The following remarks by Senator McLEOD were ordered printed in the Journal of January 26, 2021:

Remarks by Senator McLEOD

Ladies and gentlemen of the Senate, I'm not here to talk about the science, data, fiscal impact, financial hardships or fetal anomalies. We've heard our share of that over the years and again today. I'm not even here to reiterate what we've heard from the overwhelming number of doctors that we call our heroes and sheroes one day, but vilify and demonize the next. I'm here to ask one simple question that only our actions can answer.

I stand before you today because I'm pro-life and I refuse to let anyone else redefine or repurpose my position for me. Contrary to what many of you might think, I'm not pro-abortion. But I am a woman who has given birth -- twice -- and miraculously, I didn't need 140 men who serve in the South Carolina General Assembly to make that decision for me.

If you believe life begins at the moment a fetal heartbeat is detected, you should also agree that the challenges of life are exacerbated for the pregnant woman or girl and the fetus, in that very same moment.

I was in law school and my husband was in graduate school when I was pregnant with my firstborn. Financially and otherwise, times were tough. However, our families were a strong support system for us. Some women and girls do not have families or support systems. Some are raped. Others are barely surviving their own tragic circumstances or choices. And some are babies themselves -- betrayed, traumatized and violated by familial predators.

With every pregnancy comes a host of possible complications -- like the ones that left Jodie Roberts of Lexington in a vegetative state last year after having her second child, or the COVID-19 complications that left Ashley Bennett of Lexington dead, just days after giving birth to her tenth child. And since God, in His infinite wisdom, entrusted only us to carry and birth his most magnificent creation, He must think we're smart enough and strong enough to make those life-altering decisions without government's help, interference or oversight.

But here we are AGAIN -- this time during an epic public health crisis -- making a "Fetal Heartbeat Bill" our number one priority when COVID-19 has already killed many more living, breathing human beings across South Carolina than abortions have. Yet, we've done NOTHING to fight for or protect over 6,500 lives that have been lost.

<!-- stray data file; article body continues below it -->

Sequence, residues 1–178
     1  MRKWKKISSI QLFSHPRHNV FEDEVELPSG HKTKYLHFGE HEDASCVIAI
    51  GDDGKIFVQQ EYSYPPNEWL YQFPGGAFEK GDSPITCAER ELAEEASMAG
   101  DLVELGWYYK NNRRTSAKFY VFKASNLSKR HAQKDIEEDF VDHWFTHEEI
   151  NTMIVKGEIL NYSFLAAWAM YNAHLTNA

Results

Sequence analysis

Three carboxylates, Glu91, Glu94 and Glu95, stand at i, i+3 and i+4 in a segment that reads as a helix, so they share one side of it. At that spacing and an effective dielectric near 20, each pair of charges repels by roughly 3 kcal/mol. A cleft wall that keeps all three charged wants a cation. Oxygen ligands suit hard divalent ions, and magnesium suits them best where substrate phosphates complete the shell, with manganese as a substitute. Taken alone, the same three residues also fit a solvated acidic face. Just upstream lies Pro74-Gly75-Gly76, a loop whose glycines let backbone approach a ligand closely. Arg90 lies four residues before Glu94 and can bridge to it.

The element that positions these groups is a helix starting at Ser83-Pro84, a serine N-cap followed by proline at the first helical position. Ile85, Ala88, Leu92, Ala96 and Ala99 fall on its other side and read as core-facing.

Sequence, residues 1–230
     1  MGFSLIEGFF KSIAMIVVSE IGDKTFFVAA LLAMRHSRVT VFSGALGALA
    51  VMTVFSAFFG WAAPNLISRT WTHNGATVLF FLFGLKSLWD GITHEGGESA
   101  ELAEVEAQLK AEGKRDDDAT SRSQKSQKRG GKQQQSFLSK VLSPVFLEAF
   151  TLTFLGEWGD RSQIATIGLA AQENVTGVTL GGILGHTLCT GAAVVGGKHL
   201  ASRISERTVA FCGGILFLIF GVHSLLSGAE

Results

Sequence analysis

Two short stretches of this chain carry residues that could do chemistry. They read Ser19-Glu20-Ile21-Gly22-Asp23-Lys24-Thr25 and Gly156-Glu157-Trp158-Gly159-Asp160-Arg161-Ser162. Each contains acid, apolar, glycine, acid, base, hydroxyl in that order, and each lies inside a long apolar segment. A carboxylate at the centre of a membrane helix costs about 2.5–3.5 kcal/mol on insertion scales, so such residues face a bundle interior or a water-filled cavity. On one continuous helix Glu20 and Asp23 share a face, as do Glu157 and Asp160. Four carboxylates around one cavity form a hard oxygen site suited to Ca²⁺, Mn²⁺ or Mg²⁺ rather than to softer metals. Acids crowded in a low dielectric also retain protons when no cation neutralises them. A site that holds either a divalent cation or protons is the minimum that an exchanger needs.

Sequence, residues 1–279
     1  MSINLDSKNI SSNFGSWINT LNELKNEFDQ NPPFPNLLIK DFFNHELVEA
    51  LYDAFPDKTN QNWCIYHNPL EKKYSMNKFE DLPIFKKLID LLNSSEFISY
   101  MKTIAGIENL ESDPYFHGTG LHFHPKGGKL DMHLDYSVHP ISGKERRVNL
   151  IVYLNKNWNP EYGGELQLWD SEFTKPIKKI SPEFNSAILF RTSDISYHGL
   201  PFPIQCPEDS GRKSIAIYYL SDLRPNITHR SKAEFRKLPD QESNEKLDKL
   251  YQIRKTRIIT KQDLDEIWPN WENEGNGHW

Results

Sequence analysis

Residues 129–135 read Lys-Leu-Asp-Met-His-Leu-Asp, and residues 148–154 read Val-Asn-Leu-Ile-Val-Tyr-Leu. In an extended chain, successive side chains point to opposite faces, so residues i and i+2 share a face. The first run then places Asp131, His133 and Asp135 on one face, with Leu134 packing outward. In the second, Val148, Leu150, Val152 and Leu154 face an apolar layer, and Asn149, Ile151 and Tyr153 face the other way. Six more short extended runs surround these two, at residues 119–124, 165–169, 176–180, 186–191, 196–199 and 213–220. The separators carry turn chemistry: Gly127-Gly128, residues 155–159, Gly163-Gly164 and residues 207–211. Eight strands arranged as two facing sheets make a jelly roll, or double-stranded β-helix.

Obviously, waging war on the women of this State and forcing them into vicious cycles of poverty for generations is the goal of our male dominated legislature. That's why this General Assembly balked at my Viagra Bill in 2016 and my Pro-Birth Accountability Act in 2020 because some of us would rather hold everyone BUT the biological father accountable.

In this Bible toting State, I'm always amazed at the level of vitriol I receive from those who claim to believe in the same God that I do. In fact, my faith in God has always been the guiding force in my life. It seems their God is a god of hate and judgment and vengeance. They sow seeds of division and call those of us who only see their hypocrisy, "baby killers."

But unlike them, I don't worship other gods or participate in their political idolatry. And I'm certainly not a hypocrite who boasts pro-life and pro-death stances simultaneously, since the two are mutually and Biblically exclusive.

Scripture says, "Greater love hath no man than this; that a man lay down his life for his friends." Yet, the very people who say there's nothing more important than life in the womb are the same ones who refuse to protect life beyond the womb by simply wearing a facemask.

Whether it's a statewide mask mandate, COVID-19 vaccinations or guns, proponents of this Bill rebuke all government mandates and refuse to let government trample on your rights and freedoms. Yet, it's you who now summons the same government to trample all over ours.